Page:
NZ Post reminds Kiwis not to send ashes through its mail or parcel network
NZ Post is reminding Kiwis not to send human or animal ashes through its network as it sees an increase in attempts.
“We have seen more and more cases of this over the past couple of years and need to remind Kiwis human or animal remains are prohibited items and can’t be sent through our mail or our courier network,” NZ Post Chief Operating Officer Brendon Main says.
“Maybe the increase is due to people not being able to farewell loved ones in person or travel to funerals under COVID-19 restrictions, but sending ashes is strictly prohibited for a number of reasons.”
Main said if an item containing ashes was lost, stolen or damage during delivery it could cause a highly emotive situation – for both the sender and NZ Post staff.
“If a package containing ashes ripped open it could cause issues for our people from a cultural perspective and an emotional one.”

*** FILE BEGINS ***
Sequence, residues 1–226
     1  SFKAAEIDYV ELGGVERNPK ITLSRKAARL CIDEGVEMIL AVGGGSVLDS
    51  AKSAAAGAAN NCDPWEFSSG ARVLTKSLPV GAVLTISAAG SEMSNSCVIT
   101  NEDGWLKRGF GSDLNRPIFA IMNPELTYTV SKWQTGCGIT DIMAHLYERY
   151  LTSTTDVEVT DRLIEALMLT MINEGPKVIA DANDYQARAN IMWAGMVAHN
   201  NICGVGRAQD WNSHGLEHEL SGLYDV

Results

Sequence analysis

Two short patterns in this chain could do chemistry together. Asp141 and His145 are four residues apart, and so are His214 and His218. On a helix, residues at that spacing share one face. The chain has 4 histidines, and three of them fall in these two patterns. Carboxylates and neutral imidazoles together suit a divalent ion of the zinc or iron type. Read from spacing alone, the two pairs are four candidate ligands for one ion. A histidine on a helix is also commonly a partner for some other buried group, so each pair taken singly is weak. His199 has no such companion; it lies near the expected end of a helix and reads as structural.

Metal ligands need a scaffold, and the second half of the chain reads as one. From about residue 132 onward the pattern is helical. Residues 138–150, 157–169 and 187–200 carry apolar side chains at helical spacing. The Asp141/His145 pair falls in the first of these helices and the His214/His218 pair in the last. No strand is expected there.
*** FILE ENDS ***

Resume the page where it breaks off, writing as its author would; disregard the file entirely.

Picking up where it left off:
Main said if people wanted to send human or pet ashes, they would need to contact a current member of the Funeral Directors’ Association of New Zealand.
“There are certain criteria that must be adhered to get an exemption to ensure ashes can be sent through our network safely and the Funeral Directors’ Association of New Zealand can help with that.”
Funeral Directors Association Chief Executive Gillian Boyes confirmed its members can assist with sending ashes.
“Our members can arrange for remains to be safely and respectfully transported in accordance with the criteria so that loved ones can be reunited,” she said.
Main said the number items that can’t be sent through NZ Post’s network might surprise people.
“Items such as magnets, batteries, perfume, nail polish, fish, blood, fireworks, first aid kits, lighters and even birthday cakes can’t be sent.”
With nearly 87 million parcels being sent last year, dealing with prohibited items can sometimes be time consuming and dangerous for NZ Post staff.
“Safety within our network is key and we encourage all customers to check first before sending items.”
A specialised service can be set up for businesses who need to send prohibited items by setting up a business account with NZ Post.
To view a list of prohibited items visit nzpost.co.nz.